Fung was liable for secondary copyright infringement because he induced users to violate copyright by encouraging them to upload torrents for copyrighted content, personally providing assistance to upload, locate, and assemble torrents for download, and posting featured list of torrents for copyrighted films on his website. This triggered the inducement liability ordered by the Supreme Court in MGM vs Grokster:

“[O]ne who distributes a device with the object of promoting its use to infringe copyright, as shown by clear expression or other affirmative steps taken to foster infringement, is liable for the resulting acts of infringement by third parties.” 545 U.S. at 936-37

Furthermore, Fung failed to use available filtering mechanisms to prevent infringement on his website and generated revenues almost exclusively through advertisements and the increased traffic on his website due to the availability of copyrighted content. The court ruled that Fung could not avail himself of the safe harbors for storage or for information location tools because of both his active encouragement of infringement activity on his website and the financial benefit he received from the infringement activity, despite having the ability to implement filters to prevent the infringement. These two reasons disqualified Fung from DMCA protections.

The Ninth Circuit held, “if one provides a service that could be used to infringe copyrights, with the manifested intent that the service actually be used in that manner, that person is liable for the infringement that occurs through the use of the service”. As such, the Grokster case remains a viable theory for holding defendants accountable.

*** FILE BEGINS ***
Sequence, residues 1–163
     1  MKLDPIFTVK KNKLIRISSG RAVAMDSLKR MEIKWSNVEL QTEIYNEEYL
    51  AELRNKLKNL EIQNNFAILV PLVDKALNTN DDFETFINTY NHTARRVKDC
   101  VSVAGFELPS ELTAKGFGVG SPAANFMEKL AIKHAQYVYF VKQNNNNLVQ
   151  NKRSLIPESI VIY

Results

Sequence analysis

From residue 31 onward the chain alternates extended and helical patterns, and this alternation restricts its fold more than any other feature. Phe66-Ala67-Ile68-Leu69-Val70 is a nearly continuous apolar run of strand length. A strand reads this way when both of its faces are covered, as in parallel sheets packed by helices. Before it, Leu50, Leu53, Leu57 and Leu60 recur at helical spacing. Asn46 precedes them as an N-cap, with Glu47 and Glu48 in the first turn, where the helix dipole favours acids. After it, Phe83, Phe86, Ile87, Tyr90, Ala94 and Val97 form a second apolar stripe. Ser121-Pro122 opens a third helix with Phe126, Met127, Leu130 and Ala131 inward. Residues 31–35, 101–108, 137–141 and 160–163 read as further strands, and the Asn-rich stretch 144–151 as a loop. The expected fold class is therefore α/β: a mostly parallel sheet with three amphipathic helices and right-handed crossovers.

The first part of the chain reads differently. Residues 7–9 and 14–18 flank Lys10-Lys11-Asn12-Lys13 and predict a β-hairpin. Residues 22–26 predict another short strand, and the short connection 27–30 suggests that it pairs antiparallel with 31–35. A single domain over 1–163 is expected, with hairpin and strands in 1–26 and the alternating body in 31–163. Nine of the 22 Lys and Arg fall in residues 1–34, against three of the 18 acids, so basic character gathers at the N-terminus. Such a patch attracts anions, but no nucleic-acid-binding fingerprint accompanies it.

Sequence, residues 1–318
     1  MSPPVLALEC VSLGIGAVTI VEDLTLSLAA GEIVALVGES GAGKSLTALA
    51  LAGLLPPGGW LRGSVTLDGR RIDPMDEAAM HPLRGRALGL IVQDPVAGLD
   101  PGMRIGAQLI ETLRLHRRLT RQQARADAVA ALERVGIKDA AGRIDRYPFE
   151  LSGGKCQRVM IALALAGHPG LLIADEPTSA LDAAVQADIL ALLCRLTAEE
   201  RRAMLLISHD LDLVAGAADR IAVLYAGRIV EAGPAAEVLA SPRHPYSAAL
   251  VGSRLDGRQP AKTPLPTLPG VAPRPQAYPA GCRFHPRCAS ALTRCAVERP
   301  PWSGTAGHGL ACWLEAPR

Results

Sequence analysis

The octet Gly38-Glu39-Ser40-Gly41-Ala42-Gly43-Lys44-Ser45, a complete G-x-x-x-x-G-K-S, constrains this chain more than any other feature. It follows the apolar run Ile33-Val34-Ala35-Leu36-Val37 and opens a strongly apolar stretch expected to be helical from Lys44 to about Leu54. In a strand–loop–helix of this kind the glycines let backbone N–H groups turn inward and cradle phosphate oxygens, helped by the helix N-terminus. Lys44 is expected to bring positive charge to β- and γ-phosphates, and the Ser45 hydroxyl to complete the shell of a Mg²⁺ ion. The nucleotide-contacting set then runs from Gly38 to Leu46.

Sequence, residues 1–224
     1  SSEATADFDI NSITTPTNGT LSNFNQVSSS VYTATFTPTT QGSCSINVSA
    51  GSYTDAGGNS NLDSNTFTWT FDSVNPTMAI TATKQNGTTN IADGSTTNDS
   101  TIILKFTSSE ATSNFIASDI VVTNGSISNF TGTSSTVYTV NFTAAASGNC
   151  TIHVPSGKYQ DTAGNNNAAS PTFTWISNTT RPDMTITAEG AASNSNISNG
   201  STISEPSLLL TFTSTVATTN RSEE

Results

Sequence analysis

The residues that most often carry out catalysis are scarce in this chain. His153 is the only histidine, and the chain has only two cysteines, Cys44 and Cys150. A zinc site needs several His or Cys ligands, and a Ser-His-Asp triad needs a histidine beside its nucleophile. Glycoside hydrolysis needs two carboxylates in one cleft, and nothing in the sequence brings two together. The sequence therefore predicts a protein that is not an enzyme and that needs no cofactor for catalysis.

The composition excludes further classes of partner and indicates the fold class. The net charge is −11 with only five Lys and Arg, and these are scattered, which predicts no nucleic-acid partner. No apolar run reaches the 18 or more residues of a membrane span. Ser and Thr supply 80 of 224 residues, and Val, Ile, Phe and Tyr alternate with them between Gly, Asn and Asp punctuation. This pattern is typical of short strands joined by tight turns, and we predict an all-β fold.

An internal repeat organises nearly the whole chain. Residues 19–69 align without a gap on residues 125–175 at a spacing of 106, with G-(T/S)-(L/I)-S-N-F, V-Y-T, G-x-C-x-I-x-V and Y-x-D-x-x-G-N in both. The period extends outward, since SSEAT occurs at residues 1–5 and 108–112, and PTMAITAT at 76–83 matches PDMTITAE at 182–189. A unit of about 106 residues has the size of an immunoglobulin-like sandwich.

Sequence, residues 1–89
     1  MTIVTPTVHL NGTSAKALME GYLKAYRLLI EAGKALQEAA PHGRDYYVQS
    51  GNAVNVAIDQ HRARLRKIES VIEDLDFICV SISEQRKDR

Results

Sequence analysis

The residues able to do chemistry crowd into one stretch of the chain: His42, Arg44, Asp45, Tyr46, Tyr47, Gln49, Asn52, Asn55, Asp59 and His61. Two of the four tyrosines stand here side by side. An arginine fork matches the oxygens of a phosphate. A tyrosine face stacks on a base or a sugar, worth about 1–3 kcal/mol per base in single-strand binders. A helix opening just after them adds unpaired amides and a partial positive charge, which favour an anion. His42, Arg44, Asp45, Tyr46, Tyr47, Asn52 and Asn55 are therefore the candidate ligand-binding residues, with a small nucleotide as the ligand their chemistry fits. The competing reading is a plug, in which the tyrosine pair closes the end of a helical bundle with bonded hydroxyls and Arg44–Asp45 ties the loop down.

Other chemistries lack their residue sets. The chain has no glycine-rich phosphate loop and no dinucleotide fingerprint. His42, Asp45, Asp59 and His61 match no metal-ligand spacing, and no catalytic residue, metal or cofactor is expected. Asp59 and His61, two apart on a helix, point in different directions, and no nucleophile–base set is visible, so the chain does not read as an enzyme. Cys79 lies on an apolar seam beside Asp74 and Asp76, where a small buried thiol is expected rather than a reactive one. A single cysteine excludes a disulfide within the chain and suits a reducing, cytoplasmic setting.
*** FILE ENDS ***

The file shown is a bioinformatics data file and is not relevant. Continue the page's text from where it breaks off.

Other copyright issues around BitTorrent and file sharing

While some copyright holders have pursued legal action against file-sharing software creators for secondary infringement, the Recording Industry Association of America (RIAA) also sued over 35,000 individuals for primary copyright infringement via file-sharing between 2003 and 2008. This was an expensive endeavor that ultimately did not generate big legal wins for the music industry due to their reliance on a tenuous “making available” theory of infringement, whereby the RIAA claimed individuals violated copyright simply by making copyrighted material available to others using file-sharing software. Several federal courts ultimately rejected this claim, most emphatically in the Arizona case Atlantic v. Howell, where the judge ruled that infringement of copyright-holders’ distribution rights requires actual distribution of copies of the work.